I looked for both on eBay, and found a copy of THE SECOND BOOK OF WARGAMING on sale at a not too ridiculous price … so I bought it. It was delivered yesterday, and I managed to spend an enjoyable hour or so reading through it.
The book has six chapters entitled:
- Crossing a river
- Gas Warfare
- Night Fighting and Trench Warfare
- Support Services
- Seaborne Invasion
- The Island defences
Reading this book has convinced me that I really must try to get hold of a replacement copy of THE FIRST BOOK OF WARGAMING … but only once I have found one at a price that I can justify paying!
THE SECOND BOOK OF WARGAMING was written by F E Perry and published by Model and Allied Publications (Argus Books Limited) in 1978 (ISBN 0 85242 601 1) for the princely sum of £1.75!
An Austrian square
A rather ragged French square … under threat of attack by enemy infantry
A rather neat Prussian square
54mm figures of real grass! Are there many wargamers who would not find this inspiring?
In the centre of the battlefield was the city of Leipzig, with two smaller towns forming the basis of the outer ring of defences.
After a quick break for coffee, the re-fight began, with the Russians pushing forward on the Allied right, …
… the Swedes and Prussians in the centre, …
… and more Prussians and the Austrians on the left.
As these forces gradually pushed forward …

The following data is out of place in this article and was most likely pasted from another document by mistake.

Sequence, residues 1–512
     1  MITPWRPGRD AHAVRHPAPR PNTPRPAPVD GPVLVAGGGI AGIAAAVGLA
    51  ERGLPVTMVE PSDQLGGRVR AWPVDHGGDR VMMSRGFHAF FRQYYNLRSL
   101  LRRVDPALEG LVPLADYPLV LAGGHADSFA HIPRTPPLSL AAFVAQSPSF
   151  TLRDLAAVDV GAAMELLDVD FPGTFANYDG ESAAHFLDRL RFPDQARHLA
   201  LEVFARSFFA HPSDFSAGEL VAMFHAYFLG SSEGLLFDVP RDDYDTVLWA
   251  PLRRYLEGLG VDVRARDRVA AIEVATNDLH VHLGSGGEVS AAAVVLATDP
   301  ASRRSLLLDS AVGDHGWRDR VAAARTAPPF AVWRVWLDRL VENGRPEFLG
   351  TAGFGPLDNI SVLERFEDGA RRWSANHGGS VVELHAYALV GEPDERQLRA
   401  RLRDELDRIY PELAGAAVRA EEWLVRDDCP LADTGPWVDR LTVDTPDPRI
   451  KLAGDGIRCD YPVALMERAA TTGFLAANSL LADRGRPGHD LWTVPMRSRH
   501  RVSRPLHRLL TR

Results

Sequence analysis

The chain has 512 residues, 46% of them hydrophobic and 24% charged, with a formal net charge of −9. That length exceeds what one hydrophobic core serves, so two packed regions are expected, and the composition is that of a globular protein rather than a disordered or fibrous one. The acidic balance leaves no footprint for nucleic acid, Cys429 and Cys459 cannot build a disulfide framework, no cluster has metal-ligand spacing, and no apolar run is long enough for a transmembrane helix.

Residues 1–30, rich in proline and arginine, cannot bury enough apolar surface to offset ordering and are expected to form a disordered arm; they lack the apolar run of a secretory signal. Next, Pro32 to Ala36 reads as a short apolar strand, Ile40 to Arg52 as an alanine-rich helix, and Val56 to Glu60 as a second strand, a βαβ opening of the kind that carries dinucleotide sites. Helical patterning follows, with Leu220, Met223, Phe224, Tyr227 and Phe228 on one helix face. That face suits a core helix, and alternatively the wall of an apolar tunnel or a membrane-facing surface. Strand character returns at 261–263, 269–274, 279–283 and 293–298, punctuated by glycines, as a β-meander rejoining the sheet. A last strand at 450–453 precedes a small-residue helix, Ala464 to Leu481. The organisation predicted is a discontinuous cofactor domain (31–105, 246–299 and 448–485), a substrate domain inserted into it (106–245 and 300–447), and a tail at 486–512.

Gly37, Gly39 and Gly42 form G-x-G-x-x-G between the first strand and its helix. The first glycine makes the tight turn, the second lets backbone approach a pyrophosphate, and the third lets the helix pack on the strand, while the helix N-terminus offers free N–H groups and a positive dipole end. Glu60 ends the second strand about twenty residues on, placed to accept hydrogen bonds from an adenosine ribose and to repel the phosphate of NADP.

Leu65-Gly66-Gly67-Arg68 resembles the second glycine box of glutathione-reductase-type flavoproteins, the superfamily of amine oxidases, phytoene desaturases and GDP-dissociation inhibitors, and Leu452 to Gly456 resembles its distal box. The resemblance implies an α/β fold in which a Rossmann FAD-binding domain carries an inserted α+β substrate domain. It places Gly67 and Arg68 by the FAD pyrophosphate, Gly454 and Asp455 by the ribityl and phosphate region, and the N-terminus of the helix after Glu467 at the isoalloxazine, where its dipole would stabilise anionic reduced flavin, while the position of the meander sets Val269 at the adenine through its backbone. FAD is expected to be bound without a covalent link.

… the French mounted a fighting withdrawal, …
… centred on Leipzig.
By the time lunch was over, the increasing pressure on the French was gradually beginning to have an effect.
On the Allied right a Russian cavalry charge …
… caused considerable casualties on a French cavalry brigade.
The French Cavalry Brigade eventually dissolved and the Russian Cavalry exploited the gap …
… and charged forward yet again, causing further French losses.
The depleted Russian cavalry then withdrew to recover.
Elsewhere the Swedes continued to advance, and the cautious Austrians gradually pushed the French right flank back. The Prussians continued to move forward, and having pushed the French defenders aside, some of their cavalry entered the city.
The battle ended …
… with the French in retreat, beaten but unbowed.
Readers are strongly advised to double click on the individual photographs shown above in order to see them in detail.
The battle has been organised by Tim Gow and others, and will feature over two thousand 54mm toy soldiers, a large lawn, and some rules inspired by H G Wells’ LITTLE WARS. Amongst those rumoured to be taking part are Conrad Kinch, Tradgardmastare, and David Crook … but I won’t definitely know until I get there.
I hope to publish a selection of photographs of the battle in due course.
- The ‘Red’ Hussars are Russian Life Guard Hussars
- The ‘Green’ Hussars are French Chasseurs à Cheval of the Guard